THERE were lots of dejected-looking Nationalists in the referendum count centre at Ingliston as it became clear the Scottish electorate had given the thumbs down to the SNP’s dream of independence.
Hopes had been so high after opinion polls showed the vote too close to call. But as soon as the results started coming in from council areas across Scotland, the real picture began to emerge.
Twelve hours later, Alex Salmond announced he was standing down as First Minister and SNP leader – a second big blow to the Nationalist cause.
It was easy to see how everything could turn bad for the SNP.
With independence off the table for the foreseeable future, what would the party do? Could it devote the same energy to securing the lesser goal of more powers for Holyrood? Would activists on whom the party relies decide to throw in the towel after decades of campaigning had ended in defeat? Could the party command the same attention once the man who has dominated Scottish politics for so long leaves the stage?
But instead of creating despair and disillusionment, it seems the referendum result has prompted the opposite reaction.
The SNP has seen an extraordinary doubling of its membership in a week, including some former Labour figures like Tommy Sheppard.
There has been an upsurge in grassroots activity – rallies, local meetings and campaigns on social media – aimed at maintaining some of the momentum from the Yes campaign. And Nicola Sturgeon looks likely to be elected as the new SNP leader without a contest.
Rather than focus on the two million votes against them, the Yes campaigners are celebrating the fact 1.6 million people voted in favour of independence.
The 45 per cent Yes vote was way above the one-third support which independence seemed consistently to attract in the years running up to the referendum.
The SNP now looks in a strong position to be re-elected at the 2016 Holyrood election despite the No victory in the referendum.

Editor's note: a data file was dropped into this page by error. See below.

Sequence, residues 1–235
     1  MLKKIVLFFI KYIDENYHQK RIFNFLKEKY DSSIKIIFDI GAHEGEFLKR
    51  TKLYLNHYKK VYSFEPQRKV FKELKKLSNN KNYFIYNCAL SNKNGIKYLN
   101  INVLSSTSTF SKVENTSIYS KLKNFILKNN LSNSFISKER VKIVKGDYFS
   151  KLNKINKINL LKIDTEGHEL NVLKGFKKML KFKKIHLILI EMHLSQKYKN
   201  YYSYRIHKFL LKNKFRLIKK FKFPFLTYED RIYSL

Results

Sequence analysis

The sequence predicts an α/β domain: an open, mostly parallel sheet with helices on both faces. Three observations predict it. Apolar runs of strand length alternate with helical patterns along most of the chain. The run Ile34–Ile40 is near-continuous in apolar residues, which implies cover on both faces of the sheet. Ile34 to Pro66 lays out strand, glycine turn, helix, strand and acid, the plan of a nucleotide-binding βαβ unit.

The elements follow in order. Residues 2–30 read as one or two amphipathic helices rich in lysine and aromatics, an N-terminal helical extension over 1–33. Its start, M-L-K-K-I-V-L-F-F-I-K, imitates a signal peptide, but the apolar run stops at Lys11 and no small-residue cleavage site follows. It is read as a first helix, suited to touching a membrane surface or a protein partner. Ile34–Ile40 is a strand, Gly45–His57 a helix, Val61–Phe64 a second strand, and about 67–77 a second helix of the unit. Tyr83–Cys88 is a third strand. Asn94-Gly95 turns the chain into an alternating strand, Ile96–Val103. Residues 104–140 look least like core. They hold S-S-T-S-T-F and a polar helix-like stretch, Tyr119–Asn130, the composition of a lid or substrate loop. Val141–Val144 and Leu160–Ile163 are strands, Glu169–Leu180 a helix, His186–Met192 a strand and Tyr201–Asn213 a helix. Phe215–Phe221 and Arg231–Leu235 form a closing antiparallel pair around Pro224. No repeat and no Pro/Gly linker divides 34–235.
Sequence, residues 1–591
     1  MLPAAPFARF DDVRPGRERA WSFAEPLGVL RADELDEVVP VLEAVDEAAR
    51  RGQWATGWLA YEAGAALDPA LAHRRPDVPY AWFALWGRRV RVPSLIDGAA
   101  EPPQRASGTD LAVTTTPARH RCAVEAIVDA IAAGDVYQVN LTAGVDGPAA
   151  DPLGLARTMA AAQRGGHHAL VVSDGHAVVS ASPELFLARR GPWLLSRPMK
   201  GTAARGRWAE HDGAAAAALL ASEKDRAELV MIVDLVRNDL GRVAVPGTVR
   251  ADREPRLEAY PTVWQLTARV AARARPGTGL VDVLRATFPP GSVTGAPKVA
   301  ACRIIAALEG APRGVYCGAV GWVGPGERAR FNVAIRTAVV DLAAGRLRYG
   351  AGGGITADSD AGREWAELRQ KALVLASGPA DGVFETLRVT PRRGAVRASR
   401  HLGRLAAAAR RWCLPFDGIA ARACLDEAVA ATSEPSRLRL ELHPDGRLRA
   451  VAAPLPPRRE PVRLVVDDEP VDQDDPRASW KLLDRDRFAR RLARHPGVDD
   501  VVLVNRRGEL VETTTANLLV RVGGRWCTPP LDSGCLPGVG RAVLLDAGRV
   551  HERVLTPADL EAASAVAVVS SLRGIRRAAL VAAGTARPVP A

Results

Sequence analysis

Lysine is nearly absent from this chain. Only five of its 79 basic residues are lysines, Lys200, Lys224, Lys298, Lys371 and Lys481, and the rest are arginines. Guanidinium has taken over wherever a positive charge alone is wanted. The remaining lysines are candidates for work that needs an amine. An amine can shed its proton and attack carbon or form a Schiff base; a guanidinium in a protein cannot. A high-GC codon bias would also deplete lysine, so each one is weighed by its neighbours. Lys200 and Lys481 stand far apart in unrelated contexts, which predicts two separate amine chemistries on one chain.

Instead, it is Labour which looks in trouble in the wake of the referendum. Although the party got the verdict it wanted from the voters, the voting pattern showed many people in poorer areas – traditionally loyal to Labour – had opted for Yes.
It made no change to the outcome, but it means the party can no longer take its core vote for granted.
And to make matters worse, Labour is also at the centre of speculation about Johann Lamont’s future as leader. The rumour is that former defence secretary and Scottish secretary Jim Murphy is preparing to switch his career from Westminster to Holyrood.
Labour is also under pressure, along with the Conservatives and Lib Dems, to deliver on the “vow” made by Gordon Brown and the three party leaders during the campaign on more powers for Holyrood.
The vow, undoubtedly a rushed response to a poll putting Yes ahead, did not spell out the details of the extra powers – because the parties don’t agree what they should be. Now Lord Smith of Kelvin, who oversaw the Commonwealth Games, is trying to bring the parties and their ideas together in line with a tight timetable for producing draft legislation, but he has his work cut out.
It seems the debate sparked by last week’s referendum is far from over – and whichever side people were on, the continuing argument shows it was not enough to just say No.